For those who thought Delhi’s Ramlilas were all about bad wigs, gaudy make-up and overthe-top acting, here is a bit of hearty film trivia. Actor Shah Rukh Khan, who was born and raised in Delhi, got his first acting break at his neighbourhood Ramlila.
As a child, he played the part of a monkey in Hanuman’s army. “That’s how I lost the fear of crowds… performing live in front of thousands of people,” he said in an interview recently.
But ask a teenager attending an upscale city school like the Bollywood superstar did, he will tell you how he would not be caught dead on a Ramlila stage. As for many from my generation, Ramlilas may have a nostalgia value. But they would stop at that.
Ramlilas are organised in almost all localities, even the most posh ones, in Delhi. But residents’ participation is limited to donations. There are some famous ones at Subhash Maidan at Red Fort and Ramlila Maidan near Ajmeri Gate that get a lot of VIPs, including the Prime Minister himself. But otherwise, one can tell from the gatherings that the city has moved on.
Ramlila is much more about performing arts than religious rites. Generations of artistes demonstrated their skills on this stage till mass interest ran dry. This indifference has triggered a change that is obvious in the social profile of the present patrons.
Earlier, Ramlilas drew participation from across the society. It was in the walled city that Ramlila, the nine-day depiction from Ram’s life and his fight with Ravan, evolved Delhi style under the patronage of the Mughal kings and the local traders. The sawari or the street procession of Ramlila artists was a must see for anyone visiting the old city during the Navratri.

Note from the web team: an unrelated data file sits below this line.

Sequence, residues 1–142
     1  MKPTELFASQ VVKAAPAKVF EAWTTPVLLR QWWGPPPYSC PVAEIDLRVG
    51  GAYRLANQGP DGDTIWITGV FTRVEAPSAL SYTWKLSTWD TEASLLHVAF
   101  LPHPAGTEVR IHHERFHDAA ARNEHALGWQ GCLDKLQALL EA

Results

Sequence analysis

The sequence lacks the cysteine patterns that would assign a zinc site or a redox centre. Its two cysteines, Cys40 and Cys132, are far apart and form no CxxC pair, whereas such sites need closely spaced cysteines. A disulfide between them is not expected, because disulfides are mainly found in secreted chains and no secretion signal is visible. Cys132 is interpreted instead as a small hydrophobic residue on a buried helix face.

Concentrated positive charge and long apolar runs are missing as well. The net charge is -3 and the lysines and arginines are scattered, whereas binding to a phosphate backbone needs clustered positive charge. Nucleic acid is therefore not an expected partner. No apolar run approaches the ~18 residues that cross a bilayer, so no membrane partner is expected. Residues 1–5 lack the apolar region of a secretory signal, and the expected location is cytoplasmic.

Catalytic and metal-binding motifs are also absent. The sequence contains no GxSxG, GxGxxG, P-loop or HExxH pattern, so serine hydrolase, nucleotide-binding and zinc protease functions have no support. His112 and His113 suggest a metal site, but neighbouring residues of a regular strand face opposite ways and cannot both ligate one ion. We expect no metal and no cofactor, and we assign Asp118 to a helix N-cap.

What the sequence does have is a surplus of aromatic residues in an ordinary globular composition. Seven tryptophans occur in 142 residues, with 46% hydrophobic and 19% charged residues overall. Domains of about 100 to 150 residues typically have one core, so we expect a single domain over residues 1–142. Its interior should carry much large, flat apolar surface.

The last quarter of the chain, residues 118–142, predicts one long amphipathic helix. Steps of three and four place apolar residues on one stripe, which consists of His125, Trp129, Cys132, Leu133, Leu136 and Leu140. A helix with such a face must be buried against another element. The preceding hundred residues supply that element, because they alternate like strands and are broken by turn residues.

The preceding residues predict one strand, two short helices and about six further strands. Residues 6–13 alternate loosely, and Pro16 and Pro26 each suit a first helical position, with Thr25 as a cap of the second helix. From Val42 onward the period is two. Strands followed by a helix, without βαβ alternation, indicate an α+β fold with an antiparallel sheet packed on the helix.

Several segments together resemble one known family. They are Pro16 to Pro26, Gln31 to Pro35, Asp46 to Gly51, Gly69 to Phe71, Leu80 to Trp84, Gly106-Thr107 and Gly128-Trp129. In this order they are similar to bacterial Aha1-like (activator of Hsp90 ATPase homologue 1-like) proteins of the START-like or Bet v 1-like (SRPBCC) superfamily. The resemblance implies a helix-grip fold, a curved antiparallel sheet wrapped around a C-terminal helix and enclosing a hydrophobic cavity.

For Delhi’s younger generations, Ramlila Maidan evokes the memories of the Anna Hazare-led anti-corruption protest, the police crackdown on Ramdev’s yoga camp, and Arvind Kejriwal cabinet’s oathtaking ceremony. But it used be a major landmark on Delhi’s cultural map. One evening in 1957 when Jawaharlal Nehru and Indira Gandhi were watching Ramlila here, a fire threatened to bring down the Shamiyana and a young boy risked his life to save the VIPs. Impressed, Nehru announced the National Bravery Award for children, now handed over on the Republic Day.
Not too long ago, students from Delhi’s top schools would throng in hundreds to revel at the bow-and-arrow contest between the good and the evil. Popular participation meant your neighbourhood guys, who would never take to the stage otherwise, playing the benign Ram or the boisterous Ravan. And the kids would line up to seek their roles as members of the vanarsena (monkey army).
As popular interest waned, some Ramlilas degenerated into cabarets to attract crowds that gathered to cheer such fare. A few years ago, the high court had to intervene, banning obscene songs and “item numbers”. But the indifference towards Ramlila among the middle class and the upwardly mobile is rather strange when pop religion —from animation to branded toys— is becoming popular.
Every generation outgrows traditions or reinvents those. So we have disco dandiyas with corporate sponsorship. It is an encouraging sign that some Delhi neighbourhoods have been trying to make their Ramlilas socially relevant, picking “demons” like corruption and honour killing to be slain by Ram on the day of Dussehra.
This year, some Ramlila organisers are raising donations for the flood victims of Jammu and Kashmir. The popular ones are trying technological innovations like drone surveillance to control the crowds and laser arrows for the Ram-Ravan fights. ISRO’s triumph over Mars is the big theme at one Ramlila this year.
For a city that takes great pride in its physical heritage, even vying for the UNESCO’s world city heritage status, Delhi’s sense of history cannot be restricted to just brick and mortar. So, walk down to a Ramlila ground this evening and, if nothing else, feed your curiosity. Chances are you won’t be disappointed.